EXCITEMENT has greeted news that a touch of Hollywood magic could be coming to Limerick through the local authority’s purchase of a major warehousing space and a potential hook-up with Ardmore Studios.
The deal, expected to be finalised soon, would see the Wicklow based studio lease the 350,000 sqaure foot former Dell building - known as the Culture Factory last year - with a view to purchasing it in time. The studio, which has said it has turned away business because of a lack of suitable studio space in Ireland, will bring television and film production to the space, which previous owner PJ Noonan was keen to see used to provide employment in the region.
An €120m Hollywood film is waiting in the wings for the deal to wrap to start filming, while advantageous tax breaks and a good location for the factory - near a major airport, but not located underneath a flight path - plus the fact that such a building does not exist anywhere else in the country, mean that Limerick is set to reap the rewards of the development, establishing a “major international media hub” - in the words of city and county chief executive Conn Murray, who has worked since July 2014 on the deal.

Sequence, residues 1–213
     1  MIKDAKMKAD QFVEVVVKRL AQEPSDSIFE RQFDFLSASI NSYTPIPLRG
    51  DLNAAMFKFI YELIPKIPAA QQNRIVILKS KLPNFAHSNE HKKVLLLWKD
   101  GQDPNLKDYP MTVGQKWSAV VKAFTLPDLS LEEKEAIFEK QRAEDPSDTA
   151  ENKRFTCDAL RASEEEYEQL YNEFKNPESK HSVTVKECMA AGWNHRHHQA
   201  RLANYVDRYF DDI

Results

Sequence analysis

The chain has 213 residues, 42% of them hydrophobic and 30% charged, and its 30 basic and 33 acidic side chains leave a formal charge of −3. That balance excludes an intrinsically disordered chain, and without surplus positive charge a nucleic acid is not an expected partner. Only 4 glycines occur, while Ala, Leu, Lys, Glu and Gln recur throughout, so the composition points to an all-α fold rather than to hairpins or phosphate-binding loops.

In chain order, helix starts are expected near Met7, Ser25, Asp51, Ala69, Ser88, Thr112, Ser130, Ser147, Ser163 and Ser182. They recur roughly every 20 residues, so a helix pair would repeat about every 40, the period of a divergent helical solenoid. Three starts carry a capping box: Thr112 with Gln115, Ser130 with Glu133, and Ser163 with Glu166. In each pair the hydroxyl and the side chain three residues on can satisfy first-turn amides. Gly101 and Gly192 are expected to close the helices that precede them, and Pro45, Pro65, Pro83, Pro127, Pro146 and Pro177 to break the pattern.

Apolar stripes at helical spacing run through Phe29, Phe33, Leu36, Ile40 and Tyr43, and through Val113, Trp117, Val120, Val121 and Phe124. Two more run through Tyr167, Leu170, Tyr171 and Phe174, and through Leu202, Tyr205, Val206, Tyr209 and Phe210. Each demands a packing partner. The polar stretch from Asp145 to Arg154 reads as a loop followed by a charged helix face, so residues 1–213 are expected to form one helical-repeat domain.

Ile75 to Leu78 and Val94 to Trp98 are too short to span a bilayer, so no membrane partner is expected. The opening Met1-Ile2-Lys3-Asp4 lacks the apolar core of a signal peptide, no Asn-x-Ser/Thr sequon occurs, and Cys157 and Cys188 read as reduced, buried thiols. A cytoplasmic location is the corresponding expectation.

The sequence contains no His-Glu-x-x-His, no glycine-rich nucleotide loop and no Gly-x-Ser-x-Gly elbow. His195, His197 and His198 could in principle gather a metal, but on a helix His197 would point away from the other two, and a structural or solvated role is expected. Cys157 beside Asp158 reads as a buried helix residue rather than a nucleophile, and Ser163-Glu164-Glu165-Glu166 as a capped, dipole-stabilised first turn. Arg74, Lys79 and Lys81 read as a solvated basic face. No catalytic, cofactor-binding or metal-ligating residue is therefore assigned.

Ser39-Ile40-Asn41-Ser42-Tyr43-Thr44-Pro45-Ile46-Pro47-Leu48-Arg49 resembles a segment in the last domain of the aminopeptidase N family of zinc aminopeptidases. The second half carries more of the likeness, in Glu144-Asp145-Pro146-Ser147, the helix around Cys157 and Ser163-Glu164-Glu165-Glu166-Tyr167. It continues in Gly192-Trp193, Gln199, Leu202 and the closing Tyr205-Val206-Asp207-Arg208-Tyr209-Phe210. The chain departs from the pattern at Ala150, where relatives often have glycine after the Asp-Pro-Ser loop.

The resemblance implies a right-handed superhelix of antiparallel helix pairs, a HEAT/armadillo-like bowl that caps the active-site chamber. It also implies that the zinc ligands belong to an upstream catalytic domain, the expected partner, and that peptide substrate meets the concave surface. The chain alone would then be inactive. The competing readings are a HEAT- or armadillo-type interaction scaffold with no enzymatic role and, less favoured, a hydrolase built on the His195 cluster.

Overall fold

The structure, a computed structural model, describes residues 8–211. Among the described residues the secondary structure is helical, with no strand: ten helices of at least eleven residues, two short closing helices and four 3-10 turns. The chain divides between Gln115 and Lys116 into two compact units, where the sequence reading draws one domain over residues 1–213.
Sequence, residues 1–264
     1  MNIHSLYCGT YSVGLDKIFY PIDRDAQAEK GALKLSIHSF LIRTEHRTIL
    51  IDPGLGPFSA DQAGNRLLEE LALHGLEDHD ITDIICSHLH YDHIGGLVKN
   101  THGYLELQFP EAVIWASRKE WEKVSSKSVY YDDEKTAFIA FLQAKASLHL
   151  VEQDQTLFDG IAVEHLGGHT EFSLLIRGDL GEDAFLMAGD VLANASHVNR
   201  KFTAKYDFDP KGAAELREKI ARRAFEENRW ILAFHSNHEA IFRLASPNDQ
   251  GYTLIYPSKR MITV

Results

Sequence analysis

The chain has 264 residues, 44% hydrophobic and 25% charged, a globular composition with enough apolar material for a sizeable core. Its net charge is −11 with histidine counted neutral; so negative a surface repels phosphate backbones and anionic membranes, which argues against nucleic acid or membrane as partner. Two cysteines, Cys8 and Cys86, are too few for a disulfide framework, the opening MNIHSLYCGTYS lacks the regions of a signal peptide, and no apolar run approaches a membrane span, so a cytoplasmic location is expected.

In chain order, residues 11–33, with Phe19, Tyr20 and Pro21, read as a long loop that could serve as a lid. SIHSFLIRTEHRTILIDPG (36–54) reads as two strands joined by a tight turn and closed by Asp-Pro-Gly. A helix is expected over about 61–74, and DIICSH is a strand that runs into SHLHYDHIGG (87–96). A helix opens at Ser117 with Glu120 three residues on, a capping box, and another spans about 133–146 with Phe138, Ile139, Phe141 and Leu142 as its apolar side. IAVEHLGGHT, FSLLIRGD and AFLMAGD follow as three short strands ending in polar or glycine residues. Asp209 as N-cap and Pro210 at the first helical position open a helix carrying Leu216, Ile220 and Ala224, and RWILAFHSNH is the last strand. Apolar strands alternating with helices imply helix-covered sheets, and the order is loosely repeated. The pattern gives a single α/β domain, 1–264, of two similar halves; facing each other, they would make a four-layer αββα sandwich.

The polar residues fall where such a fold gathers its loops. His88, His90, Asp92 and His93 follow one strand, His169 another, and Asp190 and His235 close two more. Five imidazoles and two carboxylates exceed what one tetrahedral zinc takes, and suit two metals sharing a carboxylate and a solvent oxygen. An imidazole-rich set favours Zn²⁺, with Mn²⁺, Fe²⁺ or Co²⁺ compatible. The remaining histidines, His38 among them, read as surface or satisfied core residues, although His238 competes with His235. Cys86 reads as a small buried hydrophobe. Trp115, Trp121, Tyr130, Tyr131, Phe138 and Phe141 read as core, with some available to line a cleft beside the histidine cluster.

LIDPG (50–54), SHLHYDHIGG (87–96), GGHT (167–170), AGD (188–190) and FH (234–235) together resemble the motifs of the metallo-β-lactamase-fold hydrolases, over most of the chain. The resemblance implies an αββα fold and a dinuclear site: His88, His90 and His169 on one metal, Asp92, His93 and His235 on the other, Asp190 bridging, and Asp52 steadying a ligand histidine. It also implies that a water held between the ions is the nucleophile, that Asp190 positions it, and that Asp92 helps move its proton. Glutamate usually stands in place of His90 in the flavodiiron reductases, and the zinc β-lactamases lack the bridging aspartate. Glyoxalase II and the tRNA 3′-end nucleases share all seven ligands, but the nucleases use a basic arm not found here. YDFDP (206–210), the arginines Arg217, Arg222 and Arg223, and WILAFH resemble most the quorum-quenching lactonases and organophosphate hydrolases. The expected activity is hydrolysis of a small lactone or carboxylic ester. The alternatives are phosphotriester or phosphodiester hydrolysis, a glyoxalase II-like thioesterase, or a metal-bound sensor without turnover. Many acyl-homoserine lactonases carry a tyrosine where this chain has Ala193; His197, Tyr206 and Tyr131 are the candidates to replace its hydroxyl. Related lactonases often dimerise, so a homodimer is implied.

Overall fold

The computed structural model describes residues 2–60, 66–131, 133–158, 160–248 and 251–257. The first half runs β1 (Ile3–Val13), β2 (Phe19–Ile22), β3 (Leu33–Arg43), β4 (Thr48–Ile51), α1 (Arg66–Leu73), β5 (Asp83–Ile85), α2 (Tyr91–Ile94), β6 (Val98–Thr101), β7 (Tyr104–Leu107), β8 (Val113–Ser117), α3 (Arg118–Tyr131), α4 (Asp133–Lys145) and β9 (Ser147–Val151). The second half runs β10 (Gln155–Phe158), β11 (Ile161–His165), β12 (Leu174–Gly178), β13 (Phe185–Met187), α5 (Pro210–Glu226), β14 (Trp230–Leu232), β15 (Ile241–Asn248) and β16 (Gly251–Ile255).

However, certain industry players have criticised the decision to use State funds to purchase the factory, while these same “industry practitioners” have claimed that Ireland would struggle to provide enough crew members for a third major production house - beyond Ardmore and Ashford, both of which are located in Wicklow. The suggestion is that the proposed studio would be “too far” from the country’s crew base in Dublin. This is simply waffle in the extreme.
Ardmore - the industry experts - are keen on the deal and a business case has been produced to support that view, while the plans are thought likely to help create upwards of 700 jobs in the area, which key officials have pointed out will give us a new type of industry, and different types of jobs that Limerick may not have had before in the past, while welcoming home creative graduates that are forced to seek employment elsewhere.
The studio plans are seen as a logical legacy of City of Culture and, in the words of LIT lecturer Simon McGuire, would be “massive and would put Limerick and the Mid-West on the map”.